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The New Pro-Belt Round Baler from New Holland

Bryan Messick: Hi, I'm Bryan Messick with Messick farm equipment. We're here to talk about the new New Holland Pro-Belt series round baler here today from New Holland. I have with me Garen Ingalls, the New Holland dairy livestock specialist. Garen, you're going to tell us a little bit about this baler. Let's just start in the front and we'll work our way around it.
Garen Ingalls: Thank you, Bryan. This is the new Pro-Belt series round baler. It's offered in a 450 and 460 model. We'll start from the front of baler and work our way back. As you can see here we have our standard hitch pin assembly. We still kept the Drop Pin Keeper here assembly so you don't have the hair pin dragging through the hay windrows. We move back here to the back of the hitch assembly. We have finite adjustment for bolt right here so that you can adjust the hitch to multiple different draw bar heights on different tractors.
Then when you move to here, we do have another adjustment in here where you can set the drawbar, the clevis, so it's level with the tractor so it doesn't create a wear point on drawbar. This baler is only offered in the 1,000 RPM so it's not a 540 RPM baler.
Bryan: No 540, 1,000 speed only.
Garen: No. This baler is about uptime, no downtime. What we've done here is we also give you the hitch, the hose holder and a harness holder. It keeps the hoses up out of the way of the three point hitches of the tractor where we might have some problems where it gets pinched and cause problems as well as it's a nice storage location when you're unhooking from the baler. From there, let's talk about, how many hoses we see here, Bryan.
Bryan: We only have two sets of hoses, which has me confused between the cutter and all the applications this does.
Garen: What we've done here is we put a diverter swap valve on the baler. The diverter swap valve is more like a big square baler where you can control the functions of the baler from the cab of the tractor on the display monitor. As over here, we have a nice decal that tells you what the hoses are. Black would be for the tailgate cycle. These hoses run the tailgate up and down. The green hoses right here, the couplers, they run the default, would be the pickup.
When you start the tractor up, IntelliView IV boot's up, you raise and lower the pickup. If you want to lower the drop floor on the IntelliView IV, you touch the drop floor icon on the display, and you can lower the floor, as well as you're going to raise and lower the knives, if you touch the knife function.
Bryan: Oh, okay. Nice.
Garen: What this does is allows to run this baler on a tractor that has only two sets of remotes-
Bryan: Makes sense. Instead of [crosstalk]--
Garen: -as opposed to having four sets remotes.
Bryan: Excellent.
Garen: Let's move back here to what we have the cutout clutch. On the New Holland balers, you will not find a friction disc clutch.
Bryan: Why would we not want a friction disc?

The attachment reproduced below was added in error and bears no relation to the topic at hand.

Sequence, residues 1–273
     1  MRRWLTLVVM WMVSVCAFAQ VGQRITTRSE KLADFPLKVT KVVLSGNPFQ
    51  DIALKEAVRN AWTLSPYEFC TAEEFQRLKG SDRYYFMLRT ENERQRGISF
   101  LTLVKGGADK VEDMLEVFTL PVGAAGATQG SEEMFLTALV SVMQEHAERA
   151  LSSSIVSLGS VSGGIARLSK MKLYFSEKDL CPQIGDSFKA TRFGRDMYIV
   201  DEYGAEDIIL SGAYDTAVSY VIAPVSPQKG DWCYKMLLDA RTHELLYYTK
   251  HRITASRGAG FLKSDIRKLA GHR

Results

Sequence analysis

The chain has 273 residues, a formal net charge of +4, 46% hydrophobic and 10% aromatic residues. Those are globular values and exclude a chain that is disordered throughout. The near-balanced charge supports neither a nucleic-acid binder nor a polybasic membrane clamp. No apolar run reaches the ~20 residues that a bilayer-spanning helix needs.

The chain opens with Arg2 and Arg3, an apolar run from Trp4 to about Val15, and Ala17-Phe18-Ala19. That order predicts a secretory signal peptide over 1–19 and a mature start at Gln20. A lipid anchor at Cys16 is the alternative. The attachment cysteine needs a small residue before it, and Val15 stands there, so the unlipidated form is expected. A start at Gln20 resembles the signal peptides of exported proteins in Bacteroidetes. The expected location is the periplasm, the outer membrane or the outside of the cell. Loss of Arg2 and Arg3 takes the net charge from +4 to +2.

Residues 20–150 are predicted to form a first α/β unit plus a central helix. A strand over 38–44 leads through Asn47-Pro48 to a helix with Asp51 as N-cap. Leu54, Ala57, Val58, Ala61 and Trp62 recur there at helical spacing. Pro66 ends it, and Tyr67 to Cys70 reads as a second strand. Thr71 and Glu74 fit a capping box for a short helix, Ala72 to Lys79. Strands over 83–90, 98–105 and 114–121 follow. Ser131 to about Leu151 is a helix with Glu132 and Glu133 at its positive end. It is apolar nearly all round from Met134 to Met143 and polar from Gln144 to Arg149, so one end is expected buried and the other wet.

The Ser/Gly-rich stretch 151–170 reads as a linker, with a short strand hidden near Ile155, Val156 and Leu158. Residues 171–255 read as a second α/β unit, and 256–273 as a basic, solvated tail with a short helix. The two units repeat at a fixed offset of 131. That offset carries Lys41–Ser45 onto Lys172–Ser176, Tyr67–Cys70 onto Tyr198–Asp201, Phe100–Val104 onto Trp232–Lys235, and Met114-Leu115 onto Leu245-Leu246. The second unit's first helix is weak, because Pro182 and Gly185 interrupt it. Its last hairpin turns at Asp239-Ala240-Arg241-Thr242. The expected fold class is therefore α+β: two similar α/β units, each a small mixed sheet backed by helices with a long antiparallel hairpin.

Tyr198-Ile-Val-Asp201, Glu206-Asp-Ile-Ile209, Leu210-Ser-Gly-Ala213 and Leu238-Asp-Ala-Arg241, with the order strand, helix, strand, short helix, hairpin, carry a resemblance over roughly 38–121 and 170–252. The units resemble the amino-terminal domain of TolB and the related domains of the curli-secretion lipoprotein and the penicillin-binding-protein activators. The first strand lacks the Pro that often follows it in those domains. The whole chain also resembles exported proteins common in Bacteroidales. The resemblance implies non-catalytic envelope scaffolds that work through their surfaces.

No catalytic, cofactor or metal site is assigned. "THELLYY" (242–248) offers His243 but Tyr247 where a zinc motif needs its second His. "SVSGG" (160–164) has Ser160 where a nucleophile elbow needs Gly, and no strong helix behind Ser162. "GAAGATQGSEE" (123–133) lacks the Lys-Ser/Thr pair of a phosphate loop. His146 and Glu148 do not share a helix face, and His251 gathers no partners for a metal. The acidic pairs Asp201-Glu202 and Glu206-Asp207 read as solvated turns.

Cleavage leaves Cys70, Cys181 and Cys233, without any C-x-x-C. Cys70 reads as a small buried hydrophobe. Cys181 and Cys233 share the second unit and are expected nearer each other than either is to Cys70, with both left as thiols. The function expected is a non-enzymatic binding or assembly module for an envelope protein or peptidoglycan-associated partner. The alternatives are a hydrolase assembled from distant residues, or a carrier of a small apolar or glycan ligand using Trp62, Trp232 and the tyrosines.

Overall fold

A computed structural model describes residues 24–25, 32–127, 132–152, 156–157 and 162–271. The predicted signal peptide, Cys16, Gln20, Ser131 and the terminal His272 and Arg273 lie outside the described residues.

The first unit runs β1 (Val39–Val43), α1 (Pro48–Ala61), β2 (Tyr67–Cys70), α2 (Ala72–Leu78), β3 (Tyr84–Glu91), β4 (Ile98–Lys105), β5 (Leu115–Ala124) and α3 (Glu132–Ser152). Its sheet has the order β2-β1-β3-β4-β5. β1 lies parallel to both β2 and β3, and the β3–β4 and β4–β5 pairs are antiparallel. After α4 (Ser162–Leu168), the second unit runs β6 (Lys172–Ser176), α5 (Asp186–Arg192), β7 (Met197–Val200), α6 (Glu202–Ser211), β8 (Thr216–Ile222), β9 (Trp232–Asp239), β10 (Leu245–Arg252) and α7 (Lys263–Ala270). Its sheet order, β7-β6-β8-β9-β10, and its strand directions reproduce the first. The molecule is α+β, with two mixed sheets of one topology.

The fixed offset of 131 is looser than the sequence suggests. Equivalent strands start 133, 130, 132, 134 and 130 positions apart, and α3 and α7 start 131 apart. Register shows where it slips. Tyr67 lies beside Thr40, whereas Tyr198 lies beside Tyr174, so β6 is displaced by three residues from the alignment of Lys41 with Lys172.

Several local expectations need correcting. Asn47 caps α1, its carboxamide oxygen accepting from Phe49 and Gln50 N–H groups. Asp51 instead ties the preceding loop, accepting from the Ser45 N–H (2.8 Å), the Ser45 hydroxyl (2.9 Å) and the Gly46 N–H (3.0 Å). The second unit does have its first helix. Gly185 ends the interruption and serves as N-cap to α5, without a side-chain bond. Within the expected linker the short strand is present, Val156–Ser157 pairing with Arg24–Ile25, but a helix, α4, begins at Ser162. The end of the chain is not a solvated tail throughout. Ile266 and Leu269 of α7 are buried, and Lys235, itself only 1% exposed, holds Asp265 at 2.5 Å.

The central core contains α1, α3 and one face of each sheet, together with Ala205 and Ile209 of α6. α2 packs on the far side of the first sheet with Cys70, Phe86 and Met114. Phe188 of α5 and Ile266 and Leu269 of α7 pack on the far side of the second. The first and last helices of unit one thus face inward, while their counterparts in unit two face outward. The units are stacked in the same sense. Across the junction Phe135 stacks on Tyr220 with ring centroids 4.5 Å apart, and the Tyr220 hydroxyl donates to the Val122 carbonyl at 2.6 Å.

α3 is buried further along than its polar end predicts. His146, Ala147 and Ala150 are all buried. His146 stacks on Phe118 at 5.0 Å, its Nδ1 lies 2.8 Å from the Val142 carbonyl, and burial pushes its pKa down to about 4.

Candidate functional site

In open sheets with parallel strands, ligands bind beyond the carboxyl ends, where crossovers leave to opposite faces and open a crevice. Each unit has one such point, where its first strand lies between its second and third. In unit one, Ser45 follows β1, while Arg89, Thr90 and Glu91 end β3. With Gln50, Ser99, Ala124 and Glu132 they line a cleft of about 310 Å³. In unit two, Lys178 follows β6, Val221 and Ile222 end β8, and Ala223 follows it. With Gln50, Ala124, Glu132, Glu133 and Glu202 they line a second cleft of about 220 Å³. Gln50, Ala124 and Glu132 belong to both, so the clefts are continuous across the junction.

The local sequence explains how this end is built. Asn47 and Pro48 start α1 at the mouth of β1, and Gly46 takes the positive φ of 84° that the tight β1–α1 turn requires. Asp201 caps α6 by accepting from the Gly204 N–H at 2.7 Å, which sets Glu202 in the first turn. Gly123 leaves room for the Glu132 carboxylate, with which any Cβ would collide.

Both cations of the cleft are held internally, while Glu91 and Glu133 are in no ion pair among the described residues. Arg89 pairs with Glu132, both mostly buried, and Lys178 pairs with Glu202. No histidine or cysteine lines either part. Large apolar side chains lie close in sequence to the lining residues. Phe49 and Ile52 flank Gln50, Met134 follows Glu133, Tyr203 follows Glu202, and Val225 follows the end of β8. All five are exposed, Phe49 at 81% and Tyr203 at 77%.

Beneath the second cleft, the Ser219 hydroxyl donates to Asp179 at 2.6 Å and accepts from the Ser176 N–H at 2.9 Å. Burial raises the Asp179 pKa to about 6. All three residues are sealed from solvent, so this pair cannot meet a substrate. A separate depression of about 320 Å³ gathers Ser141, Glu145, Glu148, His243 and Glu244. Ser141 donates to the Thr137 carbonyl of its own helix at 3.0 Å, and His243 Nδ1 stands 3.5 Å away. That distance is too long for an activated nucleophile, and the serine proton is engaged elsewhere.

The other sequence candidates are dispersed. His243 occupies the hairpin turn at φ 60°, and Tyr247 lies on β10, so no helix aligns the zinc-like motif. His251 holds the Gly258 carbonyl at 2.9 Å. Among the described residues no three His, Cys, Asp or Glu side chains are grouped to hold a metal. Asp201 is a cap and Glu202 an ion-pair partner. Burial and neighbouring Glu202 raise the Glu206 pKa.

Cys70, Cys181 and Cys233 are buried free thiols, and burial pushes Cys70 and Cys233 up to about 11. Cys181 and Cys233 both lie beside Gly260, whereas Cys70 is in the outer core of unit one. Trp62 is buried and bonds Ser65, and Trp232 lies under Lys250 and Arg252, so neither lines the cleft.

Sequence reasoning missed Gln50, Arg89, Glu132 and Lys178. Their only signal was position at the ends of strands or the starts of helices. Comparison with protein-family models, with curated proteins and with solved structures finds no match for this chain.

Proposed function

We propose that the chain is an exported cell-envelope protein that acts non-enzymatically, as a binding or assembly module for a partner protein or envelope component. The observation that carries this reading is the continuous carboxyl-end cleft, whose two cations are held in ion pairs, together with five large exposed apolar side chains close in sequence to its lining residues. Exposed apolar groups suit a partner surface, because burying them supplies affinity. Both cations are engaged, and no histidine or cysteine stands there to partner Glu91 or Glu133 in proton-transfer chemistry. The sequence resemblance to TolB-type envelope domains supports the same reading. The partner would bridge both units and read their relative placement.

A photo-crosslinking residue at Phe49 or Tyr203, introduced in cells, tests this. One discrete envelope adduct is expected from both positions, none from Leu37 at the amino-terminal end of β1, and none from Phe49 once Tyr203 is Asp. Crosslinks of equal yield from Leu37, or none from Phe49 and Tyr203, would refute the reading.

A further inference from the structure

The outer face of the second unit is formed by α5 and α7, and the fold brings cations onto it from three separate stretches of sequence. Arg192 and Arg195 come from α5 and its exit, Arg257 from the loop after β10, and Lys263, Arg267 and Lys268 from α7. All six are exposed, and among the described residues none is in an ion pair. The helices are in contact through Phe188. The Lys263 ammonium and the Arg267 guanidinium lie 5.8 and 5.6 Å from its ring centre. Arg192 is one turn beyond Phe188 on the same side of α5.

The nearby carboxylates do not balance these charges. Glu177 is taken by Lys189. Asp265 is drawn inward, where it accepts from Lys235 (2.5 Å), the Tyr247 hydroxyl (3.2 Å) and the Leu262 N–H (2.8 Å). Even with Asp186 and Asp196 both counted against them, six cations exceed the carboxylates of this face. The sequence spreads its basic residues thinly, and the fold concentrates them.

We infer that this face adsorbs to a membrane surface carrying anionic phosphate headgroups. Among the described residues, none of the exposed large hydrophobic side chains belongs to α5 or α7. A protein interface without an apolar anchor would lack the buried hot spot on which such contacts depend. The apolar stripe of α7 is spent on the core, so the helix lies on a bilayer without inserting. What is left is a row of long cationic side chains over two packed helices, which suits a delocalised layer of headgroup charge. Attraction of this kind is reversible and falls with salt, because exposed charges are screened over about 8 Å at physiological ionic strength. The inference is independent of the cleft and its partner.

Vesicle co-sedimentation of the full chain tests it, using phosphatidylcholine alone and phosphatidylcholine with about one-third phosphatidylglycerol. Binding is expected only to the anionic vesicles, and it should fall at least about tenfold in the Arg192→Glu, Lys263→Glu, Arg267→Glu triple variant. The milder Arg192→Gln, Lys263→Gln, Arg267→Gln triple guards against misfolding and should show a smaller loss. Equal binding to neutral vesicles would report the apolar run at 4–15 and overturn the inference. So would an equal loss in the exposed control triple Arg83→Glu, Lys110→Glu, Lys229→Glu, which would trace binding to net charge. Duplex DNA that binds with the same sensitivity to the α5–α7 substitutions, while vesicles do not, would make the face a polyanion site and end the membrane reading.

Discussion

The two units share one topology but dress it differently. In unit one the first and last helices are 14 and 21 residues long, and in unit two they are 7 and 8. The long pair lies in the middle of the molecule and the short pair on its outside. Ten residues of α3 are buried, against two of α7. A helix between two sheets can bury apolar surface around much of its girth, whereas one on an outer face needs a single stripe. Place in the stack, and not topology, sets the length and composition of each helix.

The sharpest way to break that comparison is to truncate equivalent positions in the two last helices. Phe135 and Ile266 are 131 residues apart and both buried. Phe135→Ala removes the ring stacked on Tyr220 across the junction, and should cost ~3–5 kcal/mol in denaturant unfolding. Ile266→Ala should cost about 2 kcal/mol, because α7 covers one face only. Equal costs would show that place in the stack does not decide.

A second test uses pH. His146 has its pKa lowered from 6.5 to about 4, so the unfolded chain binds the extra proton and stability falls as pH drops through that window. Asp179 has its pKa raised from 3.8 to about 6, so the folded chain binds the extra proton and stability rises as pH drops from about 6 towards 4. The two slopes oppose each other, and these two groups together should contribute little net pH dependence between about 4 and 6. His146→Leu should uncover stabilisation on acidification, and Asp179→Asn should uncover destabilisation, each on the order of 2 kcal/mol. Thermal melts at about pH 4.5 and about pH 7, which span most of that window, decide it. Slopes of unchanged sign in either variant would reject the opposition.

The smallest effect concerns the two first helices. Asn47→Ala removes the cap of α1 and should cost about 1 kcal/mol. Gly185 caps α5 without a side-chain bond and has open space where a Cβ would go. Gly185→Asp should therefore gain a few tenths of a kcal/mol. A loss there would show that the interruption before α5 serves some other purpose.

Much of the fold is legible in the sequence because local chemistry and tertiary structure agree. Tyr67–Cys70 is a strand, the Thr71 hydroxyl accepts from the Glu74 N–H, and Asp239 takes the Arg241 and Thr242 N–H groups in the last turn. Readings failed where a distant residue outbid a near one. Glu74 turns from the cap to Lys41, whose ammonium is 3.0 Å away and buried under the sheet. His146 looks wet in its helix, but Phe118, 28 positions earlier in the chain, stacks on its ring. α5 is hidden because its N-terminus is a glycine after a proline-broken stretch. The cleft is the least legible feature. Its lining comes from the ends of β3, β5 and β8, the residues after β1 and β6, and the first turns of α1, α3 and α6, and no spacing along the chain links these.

Garen: The friction disc clutches, although they are good in applications, on a baler, what do they create when they slip?
Bryan: Heat.
Garen: What don't you want around a baler that has some chaff on it?
Bryan: We definitely don't want heat around dry hay.
Garen: That's right. Cut-out clutches, simple, reliable, consistent, and no maintenance.
Bryan: I was looking here on the pickup, we have here on the pickup the rollers cutout and I see there's something going on there at the side of the pickup.
Garen: You're correct, Bryan. What we've done here is we've eliminated the pinch point by moving the water roller wind guard this far in and putting a straight time. The bands here and the other pickup times are the exact same part number as a Roll-Belt baler, but we could put this straight. You know why we did that?
Bryan: No.
Garen: How many times you've been bailing on a corner or windrows and you get that slug of crop that kind of comes in and then what's it do?
Bryan: Pinches on the corner.
Garen: Pinches. What's it does it do then?
Bryan: Plugs out, plugs up.
Garen: Then, what did you wish you wouldn't have done?
Bryan: Plug the baler and send the slope through.
Garen: Isn't it better just to let it go and then come back around and get it later as opposed to spending what, a half hour digging out-
Bryan: Digging out.
Garen: -a baler sometimes?
Bryan: Yes.
Garen: Once again, all about uptime, no downtime.
Bryan: As soon as we made our way over here to the side of the baler, I look up, and the first thing I notice are these massive sprockets in this chain that is just enormous, Garen.
Garen: That's correct Bryan. What we've done here is we've put two sprockets on here, two drive sprockets to drive the rolls.
Bryan: We're driving the belts with two verses-
Garen: Two.
Bryan: -one that we've always had. Wow.
Garen: Correct. These sprockets are 44% larger than the Roll-Belt series balers. We've done this for one main reason. It's about driving those belts in a heavy wet silage condition as well as taking the load off of one roll.